NASFAA Calls on ED to Commit to October 1 FAFSA Launch for 2025-26 Cycle

By Maria Carrasco, NASFAA Staff Reporter

There is still much work to be done with the current FAFSA rollout, but there is also a growing concern that ongoing delays could imperil the upcoming 2025-26 FAFSA, which is why NASFAA is urging the Department of Education (ED) to commit to the traditional October 1 launch date of the aid form. 

NASFAA and NCAN, leading a coalition of roughly two dozen higher education organizations, sent a letter to ED seeking a commitment to the form’s traditional launch date, which would also include the availability of FAFSA processing, school receipt of processed FAFSAs, processing of paper FAFSAs, and FAFSA correction functionality for applicants, schools, and states.

The letter goes on to call on ED for a timely release of the federal student aid estimator, the FAFSA demonstration site, communication and training materials, a user-friendly Pell look-up table, eligibility and technical guides, and an effective process for attaining an FSA ID. 

If ED is unable to commit to an October 1 launch date, the signatories urged the department to communicate a timeline of when the 2025-26 FAFSA will be available as soon as possible. 

The organizations go on to stress their concerns that the 2025-26 FAFSA will be delayed again like the 2024-25 FAFSA, which has been riddled with technical issues, errors, and glitches. The letter notes that there is now less than four months until October 1, the traditional FAFSA release date, and ED has yet to release a draft paper FAFSA form for public comment.That form is typically released in late February.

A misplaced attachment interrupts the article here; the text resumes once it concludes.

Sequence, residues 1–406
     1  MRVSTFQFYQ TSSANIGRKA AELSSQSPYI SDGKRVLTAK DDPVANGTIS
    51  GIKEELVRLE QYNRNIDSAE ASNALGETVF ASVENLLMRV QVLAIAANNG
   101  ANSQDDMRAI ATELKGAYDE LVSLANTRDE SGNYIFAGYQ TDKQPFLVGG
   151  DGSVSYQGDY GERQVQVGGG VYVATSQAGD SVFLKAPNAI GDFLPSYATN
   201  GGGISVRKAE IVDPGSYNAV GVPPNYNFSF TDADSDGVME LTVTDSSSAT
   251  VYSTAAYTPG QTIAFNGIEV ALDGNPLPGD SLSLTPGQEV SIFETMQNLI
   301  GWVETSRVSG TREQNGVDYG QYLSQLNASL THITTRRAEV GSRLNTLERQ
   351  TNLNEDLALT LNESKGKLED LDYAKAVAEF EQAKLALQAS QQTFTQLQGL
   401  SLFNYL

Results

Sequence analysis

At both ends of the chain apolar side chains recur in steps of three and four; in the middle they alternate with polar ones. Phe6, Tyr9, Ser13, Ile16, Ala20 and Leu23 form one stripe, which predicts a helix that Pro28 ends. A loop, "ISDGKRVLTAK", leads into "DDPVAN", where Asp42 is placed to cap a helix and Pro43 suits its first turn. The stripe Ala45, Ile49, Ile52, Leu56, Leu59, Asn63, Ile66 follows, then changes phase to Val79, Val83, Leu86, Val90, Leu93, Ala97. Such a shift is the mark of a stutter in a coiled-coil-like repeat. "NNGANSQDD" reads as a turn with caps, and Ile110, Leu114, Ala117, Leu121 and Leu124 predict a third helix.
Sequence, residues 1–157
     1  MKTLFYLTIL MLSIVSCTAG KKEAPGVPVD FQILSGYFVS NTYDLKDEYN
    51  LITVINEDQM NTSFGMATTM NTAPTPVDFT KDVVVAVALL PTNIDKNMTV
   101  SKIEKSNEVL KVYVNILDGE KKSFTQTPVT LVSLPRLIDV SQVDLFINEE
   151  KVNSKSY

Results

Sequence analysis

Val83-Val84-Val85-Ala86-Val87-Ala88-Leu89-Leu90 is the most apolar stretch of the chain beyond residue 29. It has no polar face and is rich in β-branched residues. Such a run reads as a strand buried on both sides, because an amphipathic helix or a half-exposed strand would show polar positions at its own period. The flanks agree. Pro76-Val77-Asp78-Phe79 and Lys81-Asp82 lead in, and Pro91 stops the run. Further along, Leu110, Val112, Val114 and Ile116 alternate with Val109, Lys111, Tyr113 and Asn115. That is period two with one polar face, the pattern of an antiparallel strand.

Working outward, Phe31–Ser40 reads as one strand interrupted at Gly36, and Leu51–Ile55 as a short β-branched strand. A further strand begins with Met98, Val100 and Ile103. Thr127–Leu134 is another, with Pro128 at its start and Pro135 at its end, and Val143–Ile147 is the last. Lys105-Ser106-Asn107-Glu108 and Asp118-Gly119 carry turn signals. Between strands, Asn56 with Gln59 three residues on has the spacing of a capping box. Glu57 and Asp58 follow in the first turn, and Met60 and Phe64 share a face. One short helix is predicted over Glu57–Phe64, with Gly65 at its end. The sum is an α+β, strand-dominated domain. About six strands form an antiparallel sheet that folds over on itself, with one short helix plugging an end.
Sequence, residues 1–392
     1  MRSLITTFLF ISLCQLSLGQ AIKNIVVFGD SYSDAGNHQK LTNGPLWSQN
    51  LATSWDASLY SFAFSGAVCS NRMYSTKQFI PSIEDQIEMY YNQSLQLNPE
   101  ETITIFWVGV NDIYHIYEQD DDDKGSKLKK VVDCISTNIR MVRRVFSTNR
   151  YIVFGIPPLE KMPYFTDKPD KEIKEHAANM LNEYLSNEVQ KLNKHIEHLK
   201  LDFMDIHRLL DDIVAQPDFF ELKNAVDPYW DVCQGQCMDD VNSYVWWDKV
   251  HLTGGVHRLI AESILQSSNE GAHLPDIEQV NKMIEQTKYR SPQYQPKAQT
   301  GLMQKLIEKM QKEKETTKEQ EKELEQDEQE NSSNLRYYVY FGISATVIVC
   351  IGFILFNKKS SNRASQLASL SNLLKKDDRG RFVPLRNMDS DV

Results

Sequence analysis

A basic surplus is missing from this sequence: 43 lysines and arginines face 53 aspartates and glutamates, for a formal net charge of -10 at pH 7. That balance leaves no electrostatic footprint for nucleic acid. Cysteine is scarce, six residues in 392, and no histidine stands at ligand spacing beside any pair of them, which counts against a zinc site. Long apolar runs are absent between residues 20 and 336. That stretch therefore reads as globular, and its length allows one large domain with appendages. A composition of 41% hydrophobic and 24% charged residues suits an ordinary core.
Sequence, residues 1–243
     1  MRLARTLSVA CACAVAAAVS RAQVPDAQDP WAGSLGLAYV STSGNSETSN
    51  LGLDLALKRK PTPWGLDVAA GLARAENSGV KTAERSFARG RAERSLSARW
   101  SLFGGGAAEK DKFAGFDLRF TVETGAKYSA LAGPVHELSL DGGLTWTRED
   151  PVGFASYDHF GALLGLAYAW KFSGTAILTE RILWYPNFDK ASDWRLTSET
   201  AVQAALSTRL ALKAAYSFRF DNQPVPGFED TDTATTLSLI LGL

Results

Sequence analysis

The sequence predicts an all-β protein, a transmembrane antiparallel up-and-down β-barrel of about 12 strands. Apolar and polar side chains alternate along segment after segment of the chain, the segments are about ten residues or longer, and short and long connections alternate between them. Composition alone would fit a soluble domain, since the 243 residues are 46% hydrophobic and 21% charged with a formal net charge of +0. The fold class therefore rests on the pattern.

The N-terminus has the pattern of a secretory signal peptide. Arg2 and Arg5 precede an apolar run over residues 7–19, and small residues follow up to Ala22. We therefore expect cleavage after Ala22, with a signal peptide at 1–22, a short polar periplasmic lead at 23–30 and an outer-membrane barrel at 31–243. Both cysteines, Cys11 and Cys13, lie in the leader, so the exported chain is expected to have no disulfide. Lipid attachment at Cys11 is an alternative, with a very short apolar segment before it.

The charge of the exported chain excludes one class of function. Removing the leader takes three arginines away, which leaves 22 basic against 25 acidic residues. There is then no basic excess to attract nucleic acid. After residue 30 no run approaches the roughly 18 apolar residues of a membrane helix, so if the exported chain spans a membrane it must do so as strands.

“We are concerned that the FAFSA will be delayed again, and that the release date will remain uncertain until just before the form becomes available,” the letter reads. “This approach will lead to a repeat of last year, with schools and counselors unable to plan the counseling and outreach efforts that are needed, colleges unable to ensure a smooth and timely process for generating financial aid offers, and students left in the lurch.”

Another FAFSA delay could have large consequences, the letter notes, as the launch of the 2024-25 FAFSA has currently reported FAFSA completion rates that are 13.5% lower than the previous award year for high school seniors. That’s a drop twice in magnitude compared to FAFSA completion rates during the pandemic.

“Unless the current trajectory changes dramatically, we will again experience a significant decline in college enrollment this fall, during a time when college enrollment is still below pre - pandemic levels,” the letter reads. “Another delayed FAFSA release, combined with vague communication about when the form will open, would have disastrous impacts on students, counselors, and financial aid administrators, deepening the gaps in access and enrollment that resulted from the issue ridden FAFSA rollout this year.”

 

Publication Date: 6/12/2024


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